CHARLOTTE, N.C. — NASCAR's offseason is short, and Kyle Larson made sure to take advantage of every day of his break.

He focused on racing.

There's been almost no break at all for Larson. He spent so much time racing away from home this winter that when his family returned to North Carolina this week, 3-year-old son Owen could confirm that Santa had indeed visited on Christmas.

Larson was a strong championship contender in a career-breakout 2017 season, and many believe he was the top threat in Martin Truex Jr.'s title campaign. Only an engine failure knocked Larson from the playoffs before he got a chance to race for his first NASCAR championship.

Any disappointment from the NASCAR miss was alleviated halfway across the world in New Zealand, where Larson spent nearly three weeks during the holidays. He won three of four features, then hustled back to the U.S. to race the Chili Bowl in Oklahoma.

Larson was a bona fide contender all last week in Tulsa. He and fellow NASCAR driver Christopher Bell were setting up what was expected to be a thrilling race to the finish last Saturday night when Larson's engine failed, again. He's now 0-for-11 at the Chili Bowl.

"Maybe someday it will turn around for me," Larson said this week while promoting an increased sponsorship package between Chip Ganassi Racing and DC Solar.

The NASCAR failure hurt worse than the Chili Bowl, because when his engine expired at Kansas during the playoffs, his entire season went up in a plume of smoke. At the Chili Bowl, a weeklong display from the best in midget racing before a cult-like following, Larson knows he'll have another chance at his first Golden Driller trophy next year.

A Cup title? Well, those can be a case of lost opportunities.

Larson knocked off a career-best four wins last season, notching new highs in every meaningful on-track statistic. Although he was a career-best eighth in the final Cup standings, he might have had a shot at the title if the blown engine hadn't prematurely stopped the playoff run.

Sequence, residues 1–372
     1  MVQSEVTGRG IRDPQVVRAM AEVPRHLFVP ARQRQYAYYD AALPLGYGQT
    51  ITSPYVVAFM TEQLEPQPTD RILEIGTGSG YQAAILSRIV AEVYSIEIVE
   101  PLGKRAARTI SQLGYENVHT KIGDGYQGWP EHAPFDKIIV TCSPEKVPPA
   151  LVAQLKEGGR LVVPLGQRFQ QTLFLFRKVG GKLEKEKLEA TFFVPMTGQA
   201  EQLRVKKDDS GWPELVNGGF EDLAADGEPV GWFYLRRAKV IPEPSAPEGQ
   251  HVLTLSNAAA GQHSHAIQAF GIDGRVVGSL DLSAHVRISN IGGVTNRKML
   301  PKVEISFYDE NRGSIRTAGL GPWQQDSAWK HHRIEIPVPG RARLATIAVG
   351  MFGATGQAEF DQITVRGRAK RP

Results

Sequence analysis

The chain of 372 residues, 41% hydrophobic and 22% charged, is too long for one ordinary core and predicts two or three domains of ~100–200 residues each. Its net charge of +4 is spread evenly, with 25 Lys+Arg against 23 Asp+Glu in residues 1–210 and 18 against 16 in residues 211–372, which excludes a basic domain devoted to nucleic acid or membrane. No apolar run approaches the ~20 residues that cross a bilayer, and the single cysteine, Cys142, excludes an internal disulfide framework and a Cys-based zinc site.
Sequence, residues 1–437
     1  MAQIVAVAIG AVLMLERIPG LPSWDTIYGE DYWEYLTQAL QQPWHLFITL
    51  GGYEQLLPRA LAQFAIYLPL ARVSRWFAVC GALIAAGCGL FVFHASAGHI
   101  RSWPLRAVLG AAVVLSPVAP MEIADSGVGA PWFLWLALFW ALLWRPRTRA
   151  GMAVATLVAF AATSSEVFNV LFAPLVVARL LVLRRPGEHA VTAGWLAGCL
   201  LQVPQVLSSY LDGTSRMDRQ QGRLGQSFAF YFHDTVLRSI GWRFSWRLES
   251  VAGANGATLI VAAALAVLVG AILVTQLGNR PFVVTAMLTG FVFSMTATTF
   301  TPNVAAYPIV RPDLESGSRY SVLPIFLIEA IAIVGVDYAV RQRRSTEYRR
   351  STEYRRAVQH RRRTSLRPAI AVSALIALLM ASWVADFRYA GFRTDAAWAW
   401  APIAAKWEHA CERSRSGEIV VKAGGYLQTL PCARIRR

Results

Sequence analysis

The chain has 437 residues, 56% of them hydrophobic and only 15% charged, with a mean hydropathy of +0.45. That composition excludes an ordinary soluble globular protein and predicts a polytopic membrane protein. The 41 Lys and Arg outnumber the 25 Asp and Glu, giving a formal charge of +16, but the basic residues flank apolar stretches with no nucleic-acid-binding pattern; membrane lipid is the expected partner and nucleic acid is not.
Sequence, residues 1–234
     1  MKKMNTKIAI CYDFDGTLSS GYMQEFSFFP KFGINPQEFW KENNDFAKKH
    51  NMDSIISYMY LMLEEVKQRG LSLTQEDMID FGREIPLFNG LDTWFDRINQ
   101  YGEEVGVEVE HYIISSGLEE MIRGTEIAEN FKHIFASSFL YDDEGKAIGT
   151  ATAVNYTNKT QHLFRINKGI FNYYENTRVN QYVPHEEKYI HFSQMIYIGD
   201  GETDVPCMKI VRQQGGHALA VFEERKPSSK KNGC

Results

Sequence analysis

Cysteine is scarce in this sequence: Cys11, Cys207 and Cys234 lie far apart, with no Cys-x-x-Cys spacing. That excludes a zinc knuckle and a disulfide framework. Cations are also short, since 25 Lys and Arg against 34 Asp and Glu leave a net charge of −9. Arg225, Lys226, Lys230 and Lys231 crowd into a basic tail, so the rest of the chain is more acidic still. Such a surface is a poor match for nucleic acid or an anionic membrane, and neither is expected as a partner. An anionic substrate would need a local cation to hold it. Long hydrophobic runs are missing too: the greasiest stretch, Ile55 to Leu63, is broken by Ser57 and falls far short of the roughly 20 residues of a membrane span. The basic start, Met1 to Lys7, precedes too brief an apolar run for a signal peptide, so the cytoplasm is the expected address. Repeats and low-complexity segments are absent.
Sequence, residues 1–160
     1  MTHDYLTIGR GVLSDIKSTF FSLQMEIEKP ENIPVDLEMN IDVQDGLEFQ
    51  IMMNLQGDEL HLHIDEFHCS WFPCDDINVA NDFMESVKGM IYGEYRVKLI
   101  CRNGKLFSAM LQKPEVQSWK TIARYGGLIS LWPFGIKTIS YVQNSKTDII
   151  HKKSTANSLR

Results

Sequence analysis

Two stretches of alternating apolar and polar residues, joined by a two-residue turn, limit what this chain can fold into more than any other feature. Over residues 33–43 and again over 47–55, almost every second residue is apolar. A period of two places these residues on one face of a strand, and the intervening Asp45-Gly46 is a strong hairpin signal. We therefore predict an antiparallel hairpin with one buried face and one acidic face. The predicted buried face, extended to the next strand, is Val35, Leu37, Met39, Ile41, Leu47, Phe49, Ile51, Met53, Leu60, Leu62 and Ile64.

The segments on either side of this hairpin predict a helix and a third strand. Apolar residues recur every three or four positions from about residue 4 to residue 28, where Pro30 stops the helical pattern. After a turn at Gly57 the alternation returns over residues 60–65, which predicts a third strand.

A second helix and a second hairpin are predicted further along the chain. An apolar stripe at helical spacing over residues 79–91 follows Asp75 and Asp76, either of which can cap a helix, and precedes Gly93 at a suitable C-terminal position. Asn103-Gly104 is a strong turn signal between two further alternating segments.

He'd be the first to acknowledge the final month of the season, when he was out of the playoffs, was disappointing. By racing most of the offseason, he believes he's sharp and ready to go when NASCAR opens next month at Daytona.

That's key, he believes, because if the No. 42 Chevrolet team can get off to a strong start, it bodes well for the championship.

"Last year I didn't know we were going to be that good, and then we started the year good and I thought 'Wow, we have a really good shot at the championship early on," Larson said. "We maintained that consistency and competitiveness."

Larson's first victory last season came at Fontana, California, the fifth race of the year. A win all but ensures a driver a spot in the playoffs, so he had the bulk of the season to find a groove. Larson went on to 20 top-10 finishes, three poles and three additional wins.

At 25 and entering his fifth season in the Cup Series, Larson is at the top end of NASCAR's new youth movement. He's considered one of the many drivers who are the future of the sport, and his success and popularity will tie to NASCAR's ability to navigate its current changing of the guard.

He's ready, and thinks racing fans are about to be spoiled by the show his generation is about to stage. Along with Larson, the young crop of new drivers includes Chase Elliott, Ryan Blaney, Austin Dillon, Ty Dillon, Erik Jones, Daniel Suarez and two new faces at Hendrick Motorsports in Alex Bowman and William Byron.

Larson is ready to be the best of not only that group, but take his Ganassi team to its first NASCAR championship.

"I feel like when you get close last year like we did, it pushes everybody to be as good or better than we were before," Larson said. "I expect to be contenders again. I definitely feel like we have an extremely good group of people to do what it will take."

For now, Larson has to take down the Christmas decorations and get Owen back on a routine. His break is just long enough for Larson: He's back in a car at the end of the month when he tests the new Camaro at Las Vegas Motor Speedway. Then it's off to Daytona to prepare for the Daytona 500 on Feb. 18.

"I feel fresh, I'm ready to go," Larson said.